Delay in brain development associated with ADHD
PsychCentral    Share    Share on FacebookTwitterShare on LinkedinE-mail article
A new NIH study suggests a delay in brain development, rather than a total alteration in normal development, is the instigating factor for attention-deficit/hyperactivity disorder (ADHD). More


Reconsidering Learning: Students and Their Environment AET's 34th National Conference
October 19-21, 2012 Hilton Alexandria Mark Center, Washington, DC, feature speakers: Carol Kranowitz, MA, Deborah Waber, PhD, Maryanne Wolf, EdD,
Contact: m.annen@aetonline.org
3D Learner Program
We now offer Reading Plus® to further improve reading speed and comprehension. We also leverage both Recording For the Blind and Dyslexic and Talking Books. MORE


GAO: Transition for students with disabilities can, must improve
Education Week's On Special Education Blog    Share    Share on FacebookTwitterShare on LinkedinE-mail article
Although a number of federal government programs and services are intended to help students with disabilities after they leave high school, those programs aren't coordinated well, making them difficult for students and their families to navigate, a new report from the Government Accountability Office says. More

Signs of ADHD evident by preschool, expert says
HealthDay News via Medical Xpress    Share    Share on FacebookTwitterShare on LinkedinE-mail article
One out of 11 school-aged children is diagnosed with attention-deficit/hyperactivity disorder (ADHD), and up to 40 percent of those kids may display symptoms in preschool, an expert says. More

Easily Create IEPs for Math

ALEKS offers a dedicated report that provides detailed student data, including Present Levels of Performance and progress toward standards mastery, to support the easy creation of IEPs for math. Explore this report and discover how ALEKS can help your students succeed in math by applying for a special, no-cost pilot.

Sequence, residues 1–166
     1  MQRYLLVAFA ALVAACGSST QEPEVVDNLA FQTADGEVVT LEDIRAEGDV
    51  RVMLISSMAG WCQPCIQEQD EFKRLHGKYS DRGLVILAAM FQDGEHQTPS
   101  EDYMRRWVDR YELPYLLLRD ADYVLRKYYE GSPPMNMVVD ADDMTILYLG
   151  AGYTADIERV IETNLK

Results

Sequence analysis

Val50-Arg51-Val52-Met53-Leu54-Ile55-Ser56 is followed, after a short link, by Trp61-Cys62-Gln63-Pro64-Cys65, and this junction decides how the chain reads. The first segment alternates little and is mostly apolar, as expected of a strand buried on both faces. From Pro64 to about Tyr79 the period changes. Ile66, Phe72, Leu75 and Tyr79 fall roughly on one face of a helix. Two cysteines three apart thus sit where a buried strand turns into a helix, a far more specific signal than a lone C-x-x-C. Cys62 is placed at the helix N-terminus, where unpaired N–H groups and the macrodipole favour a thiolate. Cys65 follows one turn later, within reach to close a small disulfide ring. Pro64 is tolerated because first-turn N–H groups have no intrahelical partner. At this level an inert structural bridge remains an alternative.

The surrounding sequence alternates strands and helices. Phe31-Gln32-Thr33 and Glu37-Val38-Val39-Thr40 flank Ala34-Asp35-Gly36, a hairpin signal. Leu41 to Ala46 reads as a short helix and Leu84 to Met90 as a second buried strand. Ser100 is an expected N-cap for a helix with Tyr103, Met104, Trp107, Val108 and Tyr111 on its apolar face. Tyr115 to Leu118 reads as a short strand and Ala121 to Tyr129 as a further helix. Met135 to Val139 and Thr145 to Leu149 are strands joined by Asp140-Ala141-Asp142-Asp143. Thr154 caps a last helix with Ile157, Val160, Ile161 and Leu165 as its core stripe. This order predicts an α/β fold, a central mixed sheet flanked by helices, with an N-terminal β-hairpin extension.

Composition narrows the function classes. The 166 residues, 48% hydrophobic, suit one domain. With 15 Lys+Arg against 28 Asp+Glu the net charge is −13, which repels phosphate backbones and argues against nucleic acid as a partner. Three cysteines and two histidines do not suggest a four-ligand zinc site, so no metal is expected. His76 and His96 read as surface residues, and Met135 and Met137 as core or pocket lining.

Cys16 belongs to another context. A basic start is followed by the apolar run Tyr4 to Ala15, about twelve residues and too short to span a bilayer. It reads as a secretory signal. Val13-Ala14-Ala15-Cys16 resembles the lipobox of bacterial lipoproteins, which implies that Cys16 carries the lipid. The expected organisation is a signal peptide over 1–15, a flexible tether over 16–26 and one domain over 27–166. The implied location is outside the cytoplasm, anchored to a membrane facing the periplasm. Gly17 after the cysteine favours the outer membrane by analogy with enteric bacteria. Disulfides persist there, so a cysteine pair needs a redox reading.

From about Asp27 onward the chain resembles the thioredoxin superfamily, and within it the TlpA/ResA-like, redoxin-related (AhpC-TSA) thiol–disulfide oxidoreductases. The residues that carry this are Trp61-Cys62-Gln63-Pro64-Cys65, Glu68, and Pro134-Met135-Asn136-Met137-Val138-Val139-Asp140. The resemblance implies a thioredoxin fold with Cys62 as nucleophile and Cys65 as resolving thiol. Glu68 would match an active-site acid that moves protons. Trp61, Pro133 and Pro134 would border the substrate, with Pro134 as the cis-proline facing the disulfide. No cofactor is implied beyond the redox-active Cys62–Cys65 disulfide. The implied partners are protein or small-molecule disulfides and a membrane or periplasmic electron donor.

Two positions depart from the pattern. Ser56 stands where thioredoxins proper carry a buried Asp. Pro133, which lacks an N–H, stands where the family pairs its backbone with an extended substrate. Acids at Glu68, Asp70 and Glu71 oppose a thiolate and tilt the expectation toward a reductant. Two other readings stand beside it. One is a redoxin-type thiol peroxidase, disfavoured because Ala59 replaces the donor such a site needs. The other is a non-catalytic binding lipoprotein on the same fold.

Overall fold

New center will aim to develop more effective special educators
Education Week's On Special Education Blog    Share    Share on FacebookTwitterShare on LinkedinE-mail article
How can special education teachers be more effective? The federal Education Department is funding a new center to find out. The department's office of special education said it will spend up to $5 million on the creation of the Center to Support the Development of Effective Educators to Serve Students with Disabilities. More

Study: Cyberbullying concerns have been overstated
USA Today    Share    Share on FacebookTwitterShare on LinkedinE-mail article
Reports of a cyberbullying explosion over the past few years because of increasing use of mobile devices have been greatly exaggerated, says psychologist Dan Olweus. He says his latest research, finds not many students report being bullied online at all. "Contradicting these claims, it turns out that cyberbullying, when studied in proper context, is a low-prevalence phenomenon, which has not increased over time and has not created many 'new' victims and bullies," the study finds. More

Need help with struggling readers and writers?

The MediaLexie Scribe 2012 is a unique, free-floating toolbar designed to support individuals in reading and written language activities. With text-to-speech, speech-to-text, word prediction, note-taking, and phonetic transcription tools, the MediaLexie Scribe 2012 allows students to access and use core content independently.
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Focus on strengths improves autistic teens' social skills
PsychCentral    Share    Share on FacebookTwitterShare on LinkedinE-mail article
Emerging research suggests that given the appropriate programming, autistic teens can improve their social skills during adolescence. Most would agree that junior high and high school years are emotionally challenging for all teens, and, for adolescents with autism spectrum disorders (ASD), the time is often difficult. Deficits in social skills among teens with ASD may result in students being ostracized and bullied by their classmates. More
 
THE LD SOURCE

LDA does not recommend or endorse any one specific diagnostic or therapeutic regime, whether it is educational, psychological or medical. The viewpoints expressed in THE LD SOURCE are those of the authors and advertisers.

Colby Horton, Vice President of Publishing, 469.420.2601
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Tammy Gibson, Content Editor, 469.420.2677